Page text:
The professors are great and interact with us through the discussion board forum, question on exams, etc. On our part it does requires a lot of reading, discussion board input, papers and exams within a 8 weeks course. The key is time management and be disciple in completing the assignment for each week.


    • Yes I agree Humberto. I am also on Liberty’s DLP program and I must say that they do a lot to include their distance students. I’m even on the prayer ministry. It’s definitely been a good experience so far.

  • Ideally, I would love (and hope to) get to a campus. I know I have issues of discipline, but I also know if God is calling me to this (which He is), He knows that about me, and will help me to figure out a schedual. I really like the classroom enviroment, b/c it is more personable, you have real interactions and discussions, but right now as a single mom, I have to start out this way and let God lead me to whatever campus he chooses to. Prayers would be appreciated 🙂 Robin

  • I am currently enrolled in Moody’s B.S. in Bible, which is 100% distance learning/correspondence. I think I am the kind of person that you mentioned in your article. I enjoy distance learning, but it is not my preference. I was enrolled at Philadelphia Biblical University in their B.A. in Bible program, yet I chose to get married after my first year of school (I am crazy, yes). Then a buddy of mine requested that we move from Philadelphia back to my home town in Newnan, Georgia, to assist him with a church plant through Acts 29. So, here we are in Newnan, and I am now in distance learning.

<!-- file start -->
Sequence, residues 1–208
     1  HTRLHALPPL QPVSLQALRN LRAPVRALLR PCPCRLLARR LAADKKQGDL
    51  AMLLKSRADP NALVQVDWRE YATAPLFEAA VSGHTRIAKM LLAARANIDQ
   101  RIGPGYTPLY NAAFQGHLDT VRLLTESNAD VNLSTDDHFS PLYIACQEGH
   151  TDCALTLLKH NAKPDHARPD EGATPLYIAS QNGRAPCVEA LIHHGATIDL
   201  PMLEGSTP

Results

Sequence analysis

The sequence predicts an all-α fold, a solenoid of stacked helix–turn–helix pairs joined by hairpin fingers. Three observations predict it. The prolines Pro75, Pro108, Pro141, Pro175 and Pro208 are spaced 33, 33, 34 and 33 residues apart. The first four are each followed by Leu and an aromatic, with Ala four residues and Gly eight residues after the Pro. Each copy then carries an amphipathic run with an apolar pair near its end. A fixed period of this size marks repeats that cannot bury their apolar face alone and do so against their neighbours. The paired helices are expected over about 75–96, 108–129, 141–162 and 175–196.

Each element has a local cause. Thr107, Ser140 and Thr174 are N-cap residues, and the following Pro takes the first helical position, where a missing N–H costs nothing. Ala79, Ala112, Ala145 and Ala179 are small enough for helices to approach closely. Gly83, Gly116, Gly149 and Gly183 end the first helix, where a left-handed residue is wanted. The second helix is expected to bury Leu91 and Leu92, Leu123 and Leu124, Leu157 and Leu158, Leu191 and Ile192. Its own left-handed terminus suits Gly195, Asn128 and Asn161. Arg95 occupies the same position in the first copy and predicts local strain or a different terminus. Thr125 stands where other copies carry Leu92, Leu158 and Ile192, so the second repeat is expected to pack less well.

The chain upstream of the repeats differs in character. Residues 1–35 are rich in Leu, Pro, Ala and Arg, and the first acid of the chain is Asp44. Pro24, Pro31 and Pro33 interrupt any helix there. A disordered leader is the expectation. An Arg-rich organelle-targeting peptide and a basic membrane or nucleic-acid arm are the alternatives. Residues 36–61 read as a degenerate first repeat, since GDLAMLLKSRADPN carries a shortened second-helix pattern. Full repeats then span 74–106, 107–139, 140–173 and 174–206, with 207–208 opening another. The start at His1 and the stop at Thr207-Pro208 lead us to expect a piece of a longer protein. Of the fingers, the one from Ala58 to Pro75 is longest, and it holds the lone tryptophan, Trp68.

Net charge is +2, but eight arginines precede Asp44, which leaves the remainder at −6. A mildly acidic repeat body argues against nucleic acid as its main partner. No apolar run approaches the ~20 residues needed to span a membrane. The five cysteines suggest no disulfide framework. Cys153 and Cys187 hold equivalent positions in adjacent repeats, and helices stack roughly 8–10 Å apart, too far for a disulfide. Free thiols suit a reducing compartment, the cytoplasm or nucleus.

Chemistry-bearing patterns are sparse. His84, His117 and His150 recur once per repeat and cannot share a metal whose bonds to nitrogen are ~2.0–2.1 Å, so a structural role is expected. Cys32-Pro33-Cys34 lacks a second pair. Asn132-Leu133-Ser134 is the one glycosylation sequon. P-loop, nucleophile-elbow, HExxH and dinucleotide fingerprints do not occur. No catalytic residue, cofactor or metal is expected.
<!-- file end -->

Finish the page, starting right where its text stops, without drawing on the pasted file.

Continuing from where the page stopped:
Although a DL education teaches me a great deal (it truly is how much you put into it), nothing can trade the in class experience with a professor, especially at a Bible school. I loved my previous professors, and developed very meaningful relationships with them. They taught me much more than textbooks could have taught me.

    Yet, for this phase of life, distance learning is necessary. I am a maintenance man at the apartment complex we live in, and we are expecting our first baby in July. I really hope to attend a seminary in the traditional sense after my Moody education. I pray for it everyday.

    But… we will see. As far as if I recommend distance learning to anyone else – do it if it’s necessary. It’s all how much you put into it. If you give it 100%, you’ll learn a great deal and enjoy it.

  • I’m currently wrestling with the idea of an online program that also requires that distance students attend an intensive program one week per semester. It’s the Online Learning program from United Theological in Ohio, has anyone heard of it?

    A little history: I’m a single woman, early 20s, working to pay off my undergrad loans. While I would love to be debt-free before starting school again, I feel a push to begin working toward an M.Div. The problem here is that I obviously cannot stop working to begin school again; simply too many bills to be paid.

    So my questions are these: How is an online degree perceived in the “working world” of ordained ministers? And, could a person working full-time also handle being a full-time online student?

Written by Ryan Burns